Volcanic terroir has become a hot commodity as wine lovers increasingly seek out high quality wines from regions such as the Canary Islands, Santorini, and the US west coast. But Etna’s terroir is unique even among volcanic wine regions because it’s been active for millennia and remains so today. Frequent eruptions over time have created individual vineyards layered with compositions of iron, copper, magnesium with a wide range of ages and altitudes.
Etna’s main grape varieties are excellent at magnifying terroir nuances. Nerello Mascalese is the predominate grape for Etna reds. The best examples explode with lively acidity bringing red fruit and dried herbs flavours together with fine tannic backbones. The volcanic elements come to life in flinty, sometimes coffee-like aromas. Another indigenous grape, Nerello Cappuccio, is the typical blending partner and adds body and round fruit flavours. Carricante is the star of Etna whites, again mixing vibrant acidity and a powerful sense of minerality that tie all Etna wines to their location.
Etna also boasts some incredibly old vines that pre-date the phylloxera epidemic of the late 19th century. Sandy volcanic soils are poor habitats for the phylloxera pest (a small aphid), so some vines retain their original rootstock and continue to produce small quantities of incredibly concentrated wine well over a century later.
Classifying with Contrada
Etna’s exceptional vineyards haven’t always received the nurture they deserve. Just decades ago, the region primarily churned out bulk wine destined for blending with wines made in northern Italy or France. But local producers and some new faces from further afield have revived the region’s potential to make worldclass fine wine over the past three or four decades.
For a region so centred on terroir, a huge boost came in 2011 when the Etna DOC undertook extensive work to map out and officially recognise the individual vineyard areas, called Contrada. With the nine additional Contradas added in late 2022, there are now a total of 142 in a horseshoe shape stretching from the town of Randazzo in the north, around the eastern slope to the area around the town of Biancavilla in the south.
Some say the best whites often come from the southern and eastern slopes while Etna’s north slope hosts many of the best reds. I’ve spent most of my time here in the north and have outlined a few north slope producers making some of the best individual Contrada wines.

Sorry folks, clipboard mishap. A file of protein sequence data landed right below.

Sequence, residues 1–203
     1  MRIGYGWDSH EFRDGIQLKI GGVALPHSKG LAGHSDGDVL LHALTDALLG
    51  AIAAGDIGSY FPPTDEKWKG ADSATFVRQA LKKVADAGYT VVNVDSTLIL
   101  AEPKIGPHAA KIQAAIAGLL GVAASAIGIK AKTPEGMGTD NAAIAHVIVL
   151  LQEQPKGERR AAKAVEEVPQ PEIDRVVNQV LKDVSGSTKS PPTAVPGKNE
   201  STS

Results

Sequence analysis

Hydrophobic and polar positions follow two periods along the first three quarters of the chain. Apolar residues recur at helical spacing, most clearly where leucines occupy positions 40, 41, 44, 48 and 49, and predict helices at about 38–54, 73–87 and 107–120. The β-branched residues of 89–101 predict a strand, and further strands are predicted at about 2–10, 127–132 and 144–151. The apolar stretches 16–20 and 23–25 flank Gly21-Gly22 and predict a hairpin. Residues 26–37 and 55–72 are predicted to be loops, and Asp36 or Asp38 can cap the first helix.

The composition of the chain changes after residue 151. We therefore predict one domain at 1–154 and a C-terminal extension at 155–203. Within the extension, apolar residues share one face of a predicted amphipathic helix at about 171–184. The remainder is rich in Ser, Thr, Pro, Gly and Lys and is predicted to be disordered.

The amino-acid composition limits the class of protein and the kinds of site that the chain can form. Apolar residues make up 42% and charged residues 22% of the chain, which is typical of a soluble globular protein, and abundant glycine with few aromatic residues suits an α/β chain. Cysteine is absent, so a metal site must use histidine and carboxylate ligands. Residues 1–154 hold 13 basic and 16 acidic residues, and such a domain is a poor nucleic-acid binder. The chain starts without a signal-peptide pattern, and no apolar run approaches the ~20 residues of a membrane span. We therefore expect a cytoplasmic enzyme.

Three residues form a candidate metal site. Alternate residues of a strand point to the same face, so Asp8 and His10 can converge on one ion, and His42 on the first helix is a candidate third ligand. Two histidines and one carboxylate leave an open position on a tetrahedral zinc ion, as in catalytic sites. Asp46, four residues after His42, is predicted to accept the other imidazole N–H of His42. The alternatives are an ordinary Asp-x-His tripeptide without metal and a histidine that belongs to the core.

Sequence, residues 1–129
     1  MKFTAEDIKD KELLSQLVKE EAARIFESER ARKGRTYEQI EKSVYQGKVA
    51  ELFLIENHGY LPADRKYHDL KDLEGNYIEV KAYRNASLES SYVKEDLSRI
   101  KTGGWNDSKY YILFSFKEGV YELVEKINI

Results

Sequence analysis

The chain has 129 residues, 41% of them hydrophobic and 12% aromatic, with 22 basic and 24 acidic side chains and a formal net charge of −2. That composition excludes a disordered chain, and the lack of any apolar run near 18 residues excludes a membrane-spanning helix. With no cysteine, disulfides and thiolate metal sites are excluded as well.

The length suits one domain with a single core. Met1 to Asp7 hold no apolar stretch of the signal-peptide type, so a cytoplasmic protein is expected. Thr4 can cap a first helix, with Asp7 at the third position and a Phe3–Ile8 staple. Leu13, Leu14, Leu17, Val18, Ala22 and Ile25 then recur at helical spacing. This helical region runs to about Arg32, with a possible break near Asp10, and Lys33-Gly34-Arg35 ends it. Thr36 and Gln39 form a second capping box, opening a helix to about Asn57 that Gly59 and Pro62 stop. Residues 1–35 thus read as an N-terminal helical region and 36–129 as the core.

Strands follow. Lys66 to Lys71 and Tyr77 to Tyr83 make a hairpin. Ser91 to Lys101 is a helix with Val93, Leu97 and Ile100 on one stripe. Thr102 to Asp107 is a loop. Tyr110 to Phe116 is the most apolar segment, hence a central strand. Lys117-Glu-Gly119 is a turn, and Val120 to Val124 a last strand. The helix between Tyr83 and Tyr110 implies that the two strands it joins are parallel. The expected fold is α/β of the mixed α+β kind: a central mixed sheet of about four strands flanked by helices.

Franchetti has been a leader in terms of showcasing Etna’s best terroirs since the early 2000s. The eponymous named wine Franchetti is actually based on Petit Verdot, but the producer also makes five different Contrada wines named Passopisciaro Contrade C, P, G, S, R (the first letter of the respective Contrada). Contrada S (Sciaranuova) delivers Etna’s signature dried herbal notes along with hints of orange zest and smoked chocolate and comes a vineyard 850m above sea level on soil from an eruption in the 1600s. Contrada R (Rampante) is one of the highest sites at over 1000m, resulting in an elegant, highly aromatic expression. Contrada P (Porcaria) comes from a frail sheet of lava that splinters underfoot and is a much richer, rounder wine from a lower location at 650m.
Tenuta Terre Nere’s range of Contrada wines deliver exceptional purity. Each wine I tried was distinctly ‘Etna’ in character; the mineral and crushed rock flavours stood out unadulterated and the nuance across each wine was impressive. The winery’s top wine Prephylloxera 'La Vigna di Don Peppino' Calderara Sottana is made from pre-phylloxera vines over 140 years old and its complex flavours seem to last forever. The Calderara Sottana Contrada rests on soils from an ancient, powerful eruption thousands of years ago that created a unique top layer of large black pumice and basalt stones that retain heat extremely well. Therefore, the wines exhibit power and concentration at 600-700m altitudes. Terre Nere also produces a standout, powerful white wine from Calderara Sottana.
Pietradolce wines are often a bit more tannic with noticeable oak treatment. The top wine is the Vigna Barbagalli from an individual vineyard within the Rampante Contrada. The ungrafted 80-100 year-old wines create an complex wine with rich blood orange, wild berry and dried herb flavours. The smooth gravelly tannins make this one of the best Etna Rossos for long ageing.